Is Covid a customer service scapegoat?

One of the keys to maintaining good client relationships is an excellent line of communication. Let us face it, poor communication in any lifestyle presents barriers, frustration and lost transactional value, whether that be personally in relationships with family friends or business. 

The banks were the first to introduce their confusing behaviour back in the 10’s with their mass branch closures and reliance on the digital world.  

A long-term friend and ex-colleague of mine Dean Mason MD of Teqex, echoed my frustration with his similar comments on Linked-in this week, in that the deteriorating levels of customer service across all industry in the last 18 months, citing ‘Covid-19’ as a barrier to being able to provide an answer to a reasonable request; is quite alarming! 

You will have heard it on any one of your calls to your customer accounts or general home/business utility supplier. “Due to Covid-19, we are experiencing a ‘higher than normal’ number of calls and a member of our team will get to you as quickly as possible. Suitably patronised, you will ignore the next request directing you to the FAQ section of the company website and wait longer, normally without an option to speak about your account with a human being.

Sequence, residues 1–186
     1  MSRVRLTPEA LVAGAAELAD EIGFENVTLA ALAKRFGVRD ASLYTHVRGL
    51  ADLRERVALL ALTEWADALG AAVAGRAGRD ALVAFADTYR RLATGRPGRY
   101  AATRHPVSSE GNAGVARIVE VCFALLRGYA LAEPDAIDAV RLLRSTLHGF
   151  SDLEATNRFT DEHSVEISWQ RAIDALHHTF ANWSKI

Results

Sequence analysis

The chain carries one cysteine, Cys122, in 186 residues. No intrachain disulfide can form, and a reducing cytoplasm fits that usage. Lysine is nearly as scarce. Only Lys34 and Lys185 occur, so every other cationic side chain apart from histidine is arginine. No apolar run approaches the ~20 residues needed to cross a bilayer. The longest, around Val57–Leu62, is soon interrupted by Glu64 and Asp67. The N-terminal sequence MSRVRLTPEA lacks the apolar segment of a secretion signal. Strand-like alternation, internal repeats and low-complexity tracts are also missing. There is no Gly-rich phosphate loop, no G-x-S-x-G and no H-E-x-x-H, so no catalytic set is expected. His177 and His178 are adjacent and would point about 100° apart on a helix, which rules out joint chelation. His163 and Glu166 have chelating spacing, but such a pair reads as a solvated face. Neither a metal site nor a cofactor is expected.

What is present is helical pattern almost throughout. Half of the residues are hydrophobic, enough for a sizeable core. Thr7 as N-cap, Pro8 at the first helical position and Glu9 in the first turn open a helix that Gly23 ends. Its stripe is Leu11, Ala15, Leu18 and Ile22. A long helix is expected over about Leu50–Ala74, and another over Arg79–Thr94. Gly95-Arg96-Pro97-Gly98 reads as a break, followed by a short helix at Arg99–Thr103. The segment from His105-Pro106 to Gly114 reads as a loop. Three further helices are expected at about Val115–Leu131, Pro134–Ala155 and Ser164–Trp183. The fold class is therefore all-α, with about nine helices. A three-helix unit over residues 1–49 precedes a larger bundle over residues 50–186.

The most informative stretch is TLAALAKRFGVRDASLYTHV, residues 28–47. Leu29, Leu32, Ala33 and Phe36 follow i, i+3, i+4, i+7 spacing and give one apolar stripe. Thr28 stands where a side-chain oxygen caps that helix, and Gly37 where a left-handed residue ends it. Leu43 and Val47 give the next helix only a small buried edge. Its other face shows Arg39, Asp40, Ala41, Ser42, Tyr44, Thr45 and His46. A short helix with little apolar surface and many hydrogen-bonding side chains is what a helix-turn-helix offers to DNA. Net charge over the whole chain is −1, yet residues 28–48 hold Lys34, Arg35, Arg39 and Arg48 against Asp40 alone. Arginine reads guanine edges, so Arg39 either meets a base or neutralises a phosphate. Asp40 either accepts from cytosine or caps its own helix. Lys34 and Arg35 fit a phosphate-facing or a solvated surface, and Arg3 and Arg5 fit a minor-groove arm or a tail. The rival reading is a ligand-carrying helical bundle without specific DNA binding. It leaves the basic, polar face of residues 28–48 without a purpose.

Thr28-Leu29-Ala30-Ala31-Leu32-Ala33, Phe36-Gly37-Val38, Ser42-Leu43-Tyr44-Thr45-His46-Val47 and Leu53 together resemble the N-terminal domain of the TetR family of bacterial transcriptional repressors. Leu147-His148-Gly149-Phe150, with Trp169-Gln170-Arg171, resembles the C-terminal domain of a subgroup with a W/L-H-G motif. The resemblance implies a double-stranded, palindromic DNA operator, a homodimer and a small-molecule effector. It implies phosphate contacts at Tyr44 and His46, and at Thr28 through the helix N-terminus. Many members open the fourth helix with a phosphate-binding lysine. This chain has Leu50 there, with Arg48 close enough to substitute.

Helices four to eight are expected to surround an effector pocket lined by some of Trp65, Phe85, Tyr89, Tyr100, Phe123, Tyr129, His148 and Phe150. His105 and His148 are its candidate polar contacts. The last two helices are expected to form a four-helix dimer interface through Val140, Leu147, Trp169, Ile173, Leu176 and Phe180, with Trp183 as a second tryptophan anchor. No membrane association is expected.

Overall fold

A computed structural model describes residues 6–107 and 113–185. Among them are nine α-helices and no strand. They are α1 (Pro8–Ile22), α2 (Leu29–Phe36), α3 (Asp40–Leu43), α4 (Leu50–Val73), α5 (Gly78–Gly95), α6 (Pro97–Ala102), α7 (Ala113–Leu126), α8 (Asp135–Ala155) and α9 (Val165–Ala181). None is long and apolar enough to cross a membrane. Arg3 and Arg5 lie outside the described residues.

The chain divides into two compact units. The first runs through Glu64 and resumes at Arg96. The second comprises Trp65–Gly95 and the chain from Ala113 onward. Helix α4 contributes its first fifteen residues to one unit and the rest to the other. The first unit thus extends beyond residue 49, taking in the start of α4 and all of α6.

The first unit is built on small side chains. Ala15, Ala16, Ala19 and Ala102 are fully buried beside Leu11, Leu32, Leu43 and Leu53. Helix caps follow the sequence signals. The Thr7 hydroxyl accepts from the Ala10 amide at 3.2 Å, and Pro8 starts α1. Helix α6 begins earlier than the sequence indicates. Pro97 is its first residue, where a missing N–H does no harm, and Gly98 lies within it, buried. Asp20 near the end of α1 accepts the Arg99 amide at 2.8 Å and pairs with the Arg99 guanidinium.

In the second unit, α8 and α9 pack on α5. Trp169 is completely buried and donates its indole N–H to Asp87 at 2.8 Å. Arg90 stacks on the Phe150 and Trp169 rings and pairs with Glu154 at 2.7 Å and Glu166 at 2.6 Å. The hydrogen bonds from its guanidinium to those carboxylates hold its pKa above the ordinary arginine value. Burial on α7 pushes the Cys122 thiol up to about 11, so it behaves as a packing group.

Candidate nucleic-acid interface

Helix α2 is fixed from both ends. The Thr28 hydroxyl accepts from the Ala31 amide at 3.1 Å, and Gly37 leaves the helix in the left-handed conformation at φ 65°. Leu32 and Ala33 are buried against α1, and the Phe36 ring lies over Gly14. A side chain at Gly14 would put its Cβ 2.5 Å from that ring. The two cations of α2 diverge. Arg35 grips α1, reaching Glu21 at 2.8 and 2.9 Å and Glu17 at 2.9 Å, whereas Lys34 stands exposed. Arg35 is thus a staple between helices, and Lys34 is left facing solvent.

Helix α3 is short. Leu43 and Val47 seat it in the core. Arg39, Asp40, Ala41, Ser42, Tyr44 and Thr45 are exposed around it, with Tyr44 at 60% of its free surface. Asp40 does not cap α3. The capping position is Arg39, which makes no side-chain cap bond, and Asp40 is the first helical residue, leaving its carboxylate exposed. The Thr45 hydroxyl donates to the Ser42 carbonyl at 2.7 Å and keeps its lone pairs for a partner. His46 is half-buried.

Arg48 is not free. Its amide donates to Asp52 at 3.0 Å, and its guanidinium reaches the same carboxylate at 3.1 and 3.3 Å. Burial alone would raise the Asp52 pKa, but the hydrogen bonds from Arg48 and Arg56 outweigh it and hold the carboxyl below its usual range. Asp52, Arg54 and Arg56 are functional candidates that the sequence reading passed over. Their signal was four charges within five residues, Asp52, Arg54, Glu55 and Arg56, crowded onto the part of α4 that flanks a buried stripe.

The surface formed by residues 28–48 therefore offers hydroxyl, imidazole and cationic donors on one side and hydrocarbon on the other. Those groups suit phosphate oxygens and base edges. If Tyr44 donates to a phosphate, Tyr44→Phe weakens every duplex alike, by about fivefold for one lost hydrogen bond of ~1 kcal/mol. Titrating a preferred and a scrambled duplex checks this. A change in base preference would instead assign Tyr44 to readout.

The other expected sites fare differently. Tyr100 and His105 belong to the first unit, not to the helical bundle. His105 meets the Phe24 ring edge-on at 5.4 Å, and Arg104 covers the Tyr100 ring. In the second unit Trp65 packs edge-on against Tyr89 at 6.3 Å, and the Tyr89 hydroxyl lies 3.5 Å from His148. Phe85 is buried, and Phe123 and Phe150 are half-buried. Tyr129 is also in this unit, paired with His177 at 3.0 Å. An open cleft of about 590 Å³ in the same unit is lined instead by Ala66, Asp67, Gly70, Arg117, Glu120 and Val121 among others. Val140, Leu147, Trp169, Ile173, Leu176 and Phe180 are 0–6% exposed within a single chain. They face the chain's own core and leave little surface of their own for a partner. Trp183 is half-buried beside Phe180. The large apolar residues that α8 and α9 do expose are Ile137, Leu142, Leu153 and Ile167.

I understood this in the first wave of the pandemic, and I will let them off in the second. But why is this still a thing? I believe the mass use of furlough has presented a customer service nightmare for large corporates which is storing itself up for a huge shift to the competition. 

Either companies put staff on the phones and get them back in the office, or they continue to distance manage Steve, ‘Head of customer relations’ who is eating a late breakfast from his kitchen; but not before his next ZOOM call which unfortunately for you and me, was also interrupted due to ‘internet issues’ (Steve takes the rest of the day off to visit the beach). 

Isn’t it time companies stop using Covid as the scapegoat to reduce costs and begin to demonstrate proper ethics by addressing their standards of service sooner rather than later and quite possibly before the next round of forecasts in the board room? 

The office really is not dead.